1. I have lived here 5 years, my wife and I use English when we are at home. She is a school teacher and by the time we have both finished work neither of us have the time or energy for an Italian lesson. Unfortunately I also use English on a day to day basis when I am at work. Lots of excuses

        I know. I spent 2 years at the local night school, and it was very useful but (always a but) the teacher explained everything in Italian and at that time my Italian was very very poor so I understood little. I think now is the time to re-enrol. I like the idea of getting a hobby to help improve my italian.

        1. I think that’s a sound plan. What about your mutual friends? Are they more Italian or English speakers. I find that I am so much more motivated to speak in a social situation with a glass of wine in my hand :). good luck!!!

  18. Our mutual friends are Italian. If they are talking slowly and one on one I can normally keep up, but if there are 3 or more I lose the plot. It is also incredibly tiring trying to keep up. I get little hints from my wife such as, we are now talking about her sister or she is talking about the school. boh!

    Wine, I love the stuff, we are surrounded by vineyards that produce some of the finest wine in Italy. Defiantly my hobby.

    1. Yeah I used to feel really lost in the beginning. Like when I would understand what they were saying they had long moved on to another topic. Wine is one of the best parts of living in Italy, I am a huge fan of Chianti della Rufina, prosecco, pecorino, even though at the moment we are on a French wine kick after visiting in August.. yum!

      1. Hi GG, I love Pecorino cheese especially if it has pepper corns in it. French wine?? Nooooo Italian every time.

  19. Hey Georgette – awesome tips here….I liked your mention of language exchange groups…had no idea what this was so googled it of course! What a great way to meet others & practice the lingo….been using Rosetta Stone religiously but once thrown in with both feet, I know I’ll need more….thanks for the great read & tips!!!

    1. thanks Laura! the alnguage exchanges are pretty helpful, I used to do them my first year here and would meet locals for coffee or tea and we would stumble over each other’s respective languages. :). Then once you become sorta friends you can do aperitivos!

  20. Laura you are spot on with your analysis! I am also from Texas and just finishing up my first year in Italy. I can definitely confirm that mistake #2 will only increase the probability of worsening mistakes #3 and #6. Excellent advice!

  21. Hi great tips and advices, im planing on study Italien in florence and found your post very intresting.

    Cheers from Jonas Sweden

  22. I have spent more than a year in Rome, like Florence a tourist hotspot and only 300 km south. In Rome, I was doing research in a lab and studying at university (in 2 courses I was the only foreign student). I have not met a single Italian.

    Observing the friends I had made I noticed that, in Italy, the only foreigners that meet natives are female. Any foreign male who has been in Italy will agree: Italian males lock out foreign males and Italian females ignore us.

    Again, I am only familiar with Rome and the South of Italy. I am not sure about the North.

    1. Hi, I found this blog and am more grateful than you can believe. Wanted to just maybe help a bit with you here. My husband is Italian; we met through a penpal exchange. The first thing he said was that it was difficult for Italian men to be open to other men for friendships. We lived in Rome but now live outside of Rome and there is a difference. While you have to speak some of the language, people are generally more tolerant and patient in the area with stranieri while in the busier Rome area they were a lot more stressed and not so open to new people after the first meeting. Even my husband had problems meeting any other Italian men (he is from a small town away from Rome; it changed for him when we were there). On the plus side for Rome there are meetings for students and people your age through friends in Rome. They have meetups in Rome twice a week for language exchange at a local place. We have gone but are in our late thirties and the others are more the age group I am guessing you to be. I wanted to really answer you to tell you I understand the feeling that I think everyone has felt to some degree here and to urge you to check out Friends in Rome. I am still struggling with many of these feelings and go from day to day but can say from experience to not give up if it is a day that you seem more isolated and locked out then others. Everything that is listed here is spot on; you have to adjust to a completely different thought process and open up to a whole new way of life. It takes some time.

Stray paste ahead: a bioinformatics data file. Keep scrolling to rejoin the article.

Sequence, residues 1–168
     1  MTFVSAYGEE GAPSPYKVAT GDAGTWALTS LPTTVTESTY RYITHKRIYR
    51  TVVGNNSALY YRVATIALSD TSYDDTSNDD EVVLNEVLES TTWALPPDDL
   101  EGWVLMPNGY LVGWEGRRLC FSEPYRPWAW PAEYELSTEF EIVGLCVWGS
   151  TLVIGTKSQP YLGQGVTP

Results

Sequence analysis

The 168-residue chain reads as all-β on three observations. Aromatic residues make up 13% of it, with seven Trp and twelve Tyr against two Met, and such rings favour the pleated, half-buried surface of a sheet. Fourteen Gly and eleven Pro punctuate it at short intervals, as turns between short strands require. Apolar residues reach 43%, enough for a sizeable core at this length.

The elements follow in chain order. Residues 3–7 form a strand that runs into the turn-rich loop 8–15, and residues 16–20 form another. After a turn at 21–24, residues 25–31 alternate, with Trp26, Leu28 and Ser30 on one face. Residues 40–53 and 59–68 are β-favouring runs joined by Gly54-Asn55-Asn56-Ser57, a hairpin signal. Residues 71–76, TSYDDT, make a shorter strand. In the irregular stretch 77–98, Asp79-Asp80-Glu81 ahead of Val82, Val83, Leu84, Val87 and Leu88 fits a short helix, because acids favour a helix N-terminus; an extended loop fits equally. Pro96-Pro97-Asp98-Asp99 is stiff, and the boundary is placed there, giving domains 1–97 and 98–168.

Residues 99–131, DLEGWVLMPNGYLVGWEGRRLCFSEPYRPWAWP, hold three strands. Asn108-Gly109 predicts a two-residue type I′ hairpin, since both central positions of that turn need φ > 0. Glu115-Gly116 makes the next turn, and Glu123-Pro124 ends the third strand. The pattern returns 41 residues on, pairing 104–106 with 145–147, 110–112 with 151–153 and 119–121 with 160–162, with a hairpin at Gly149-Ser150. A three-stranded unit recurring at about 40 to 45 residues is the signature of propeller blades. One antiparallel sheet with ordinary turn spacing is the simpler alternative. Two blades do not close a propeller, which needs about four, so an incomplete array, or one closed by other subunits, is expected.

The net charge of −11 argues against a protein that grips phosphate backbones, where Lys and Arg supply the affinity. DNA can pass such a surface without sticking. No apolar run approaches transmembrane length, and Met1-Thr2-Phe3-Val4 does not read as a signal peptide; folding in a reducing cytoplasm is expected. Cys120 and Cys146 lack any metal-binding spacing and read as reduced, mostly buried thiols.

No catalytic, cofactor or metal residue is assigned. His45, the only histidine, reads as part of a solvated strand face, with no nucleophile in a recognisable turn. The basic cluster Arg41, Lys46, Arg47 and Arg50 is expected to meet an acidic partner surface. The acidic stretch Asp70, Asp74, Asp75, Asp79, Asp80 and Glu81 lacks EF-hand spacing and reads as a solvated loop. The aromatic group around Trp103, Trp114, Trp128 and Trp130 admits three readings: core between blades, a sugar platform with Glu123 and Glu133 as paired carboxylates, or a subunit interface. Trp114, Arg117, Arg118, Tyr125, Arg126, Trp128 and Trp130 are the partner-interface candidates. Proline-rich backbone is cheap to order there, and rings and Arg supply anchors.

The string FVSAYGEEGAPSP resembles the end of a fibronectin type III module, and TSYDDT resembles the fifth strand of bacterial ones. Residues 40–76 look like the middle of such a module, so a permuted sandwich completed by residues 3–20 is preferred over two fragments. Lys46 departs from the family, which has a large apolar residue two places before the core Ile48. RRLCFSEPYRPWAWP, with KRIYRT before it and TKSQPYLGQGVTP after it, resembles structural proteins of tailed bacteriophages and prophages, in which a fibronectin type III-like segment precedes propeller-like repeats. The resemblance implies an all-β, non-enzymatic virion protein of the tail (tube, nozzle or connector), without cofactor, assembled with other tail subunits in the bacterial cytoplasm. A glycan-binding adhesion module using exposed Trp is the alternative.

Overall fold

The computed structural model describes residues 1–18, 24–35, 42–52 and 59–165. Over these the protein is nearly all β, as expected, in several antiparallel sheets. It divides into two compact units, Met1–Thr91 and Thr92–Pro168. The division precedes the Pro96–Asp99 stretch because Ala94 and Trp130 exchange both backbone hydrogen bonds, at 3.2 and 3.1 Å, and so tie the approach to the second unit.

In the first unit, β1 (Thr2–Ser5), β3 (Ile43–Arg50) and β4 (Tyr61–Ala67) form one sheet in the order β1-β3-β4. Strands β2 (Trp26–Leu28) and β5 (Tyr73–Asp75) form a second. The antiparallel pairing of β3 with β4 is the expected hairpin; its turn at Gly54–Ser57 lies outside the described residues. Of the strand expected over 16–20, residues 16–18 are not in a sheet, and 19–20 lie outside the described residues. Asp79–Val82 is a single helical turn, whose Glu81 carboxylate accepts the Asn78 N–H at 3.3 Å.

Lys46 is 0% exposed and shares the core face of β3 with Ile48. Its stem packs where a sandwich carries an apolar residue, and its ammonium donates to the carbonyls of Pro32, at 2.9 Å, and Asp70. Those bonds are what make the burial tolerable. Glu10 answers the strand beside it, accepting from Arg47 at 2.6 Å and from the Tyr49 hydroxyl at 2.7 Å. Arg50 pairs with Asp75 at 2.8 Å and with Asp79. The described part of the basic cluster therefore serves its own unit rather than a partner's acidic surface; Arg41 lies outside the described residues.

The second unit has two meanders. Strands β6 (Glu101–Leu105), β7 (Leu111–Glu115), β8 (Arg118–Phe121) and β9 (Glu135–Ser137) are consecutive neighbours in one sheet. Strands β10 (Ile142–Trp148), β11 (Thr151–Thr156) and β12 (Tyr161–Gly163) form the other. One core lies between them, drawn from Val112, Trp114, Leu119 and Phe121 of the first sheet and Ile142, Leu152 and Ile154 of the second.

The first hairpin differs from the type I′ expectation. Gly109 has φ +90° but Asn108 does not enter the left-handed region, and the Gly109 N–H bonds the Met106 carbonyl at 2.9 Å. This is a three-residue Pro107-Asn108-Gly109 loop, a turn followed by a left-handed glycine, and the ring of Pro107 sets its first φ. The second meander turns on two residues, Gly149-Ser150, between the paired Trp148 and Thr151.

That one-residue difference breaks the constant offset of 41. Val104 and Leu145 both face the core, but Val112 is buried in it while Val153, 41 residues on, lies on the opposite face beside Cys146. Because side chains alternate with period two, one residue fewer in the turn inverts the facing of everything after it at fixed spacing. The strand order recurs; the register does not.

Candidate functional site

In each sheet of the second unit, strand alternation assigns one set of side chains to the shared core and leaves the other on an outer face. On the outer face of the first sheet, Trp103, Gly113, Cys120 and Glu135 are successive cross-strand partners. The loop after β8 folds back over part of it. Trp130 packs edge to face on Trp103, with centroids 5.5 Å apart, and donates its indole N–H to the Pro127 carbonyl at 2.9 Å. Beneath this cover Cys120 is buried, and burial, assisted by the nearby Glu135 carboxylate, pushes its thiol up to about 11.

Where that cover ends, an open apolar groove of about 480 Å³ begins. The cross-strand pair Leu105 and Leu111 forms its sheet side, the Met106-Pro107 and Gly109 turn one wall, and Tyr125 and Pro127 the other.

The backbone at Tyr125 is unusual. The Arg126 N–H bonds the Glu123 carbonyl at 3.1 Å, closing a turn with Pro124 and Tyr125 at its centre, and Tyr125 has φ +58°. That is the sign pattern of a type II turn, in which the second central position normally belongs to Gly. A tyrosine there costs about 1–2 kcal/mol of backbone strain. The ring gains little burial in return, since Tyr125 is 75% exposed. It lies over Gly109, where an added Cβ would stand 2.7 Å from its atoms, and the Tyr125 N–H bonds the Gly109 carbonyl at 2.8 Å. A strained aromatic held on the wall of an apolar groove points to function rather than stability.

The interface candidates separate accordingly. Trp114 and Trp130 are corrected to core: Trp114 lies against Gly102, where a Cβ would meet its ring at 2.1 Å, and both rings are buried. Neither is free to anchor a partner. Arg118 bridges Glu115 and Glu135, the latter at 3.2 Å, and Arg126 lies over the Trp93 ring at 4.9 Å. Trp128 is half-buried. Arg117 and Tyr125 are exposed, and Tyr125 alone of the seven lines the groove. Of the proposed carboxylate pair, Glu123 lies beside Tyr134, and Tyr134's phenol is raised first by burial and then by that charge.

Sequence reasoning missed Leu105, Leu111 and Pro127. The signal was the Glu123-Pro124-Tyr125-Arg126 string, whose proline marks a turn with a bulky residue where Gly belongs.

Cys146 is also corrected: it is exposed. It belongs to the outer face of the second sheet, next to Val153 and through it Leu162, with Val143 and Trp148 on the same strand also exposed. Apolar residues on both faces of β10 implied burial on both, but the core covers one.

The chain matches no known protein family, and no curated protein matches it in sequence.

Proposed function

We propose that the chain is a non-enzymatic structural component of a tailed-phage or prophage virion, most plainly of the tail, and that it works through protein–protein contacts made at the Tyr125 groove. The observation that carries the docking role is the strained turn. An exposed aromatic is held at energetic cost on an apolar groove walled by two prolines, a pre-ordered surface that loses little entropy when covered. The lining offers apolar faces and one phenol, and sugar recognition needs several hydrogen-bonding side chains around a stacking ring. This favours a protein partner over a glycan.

23. Hi,
    Good advice. I have just moved to Mauritius and have noticed myself fall into a few traps. Need to make more of an effort. However, I have been thinking of going to Florence next year and that will be more of a challenge. Any good long term rental websites? or where is a good place to be based in Florence? Thanks, and good website.

      1. Grazie mille, girl in Florence, or as we would say back home “go raibh mile maith agat.”

  24. Oh wanted to add one more thing for anyone trying to save money for rent, etc. We live now in the Rieti area in the mountains. There are are rentals that are very, very inexpensive. Homes are less then half the prices and the beauty of the mountains is literally breathtaking (half way between Roma and Firenze). You have to have a car; I have a little cheap one I bought for around 700 euro, and the train station is a 10 minute drive. Train to most of Roma is half hour to 45 minutes. The day is a little longer but it’s for certain worth it; the people are just wonderful here as well. We found this as a very good solution. Not sure at all about the Firenze area but it takes us less then two hours to get there by car; less by train.

  25. Just a quick question: why one should leave a rich (or even normal) country and come to work and live here?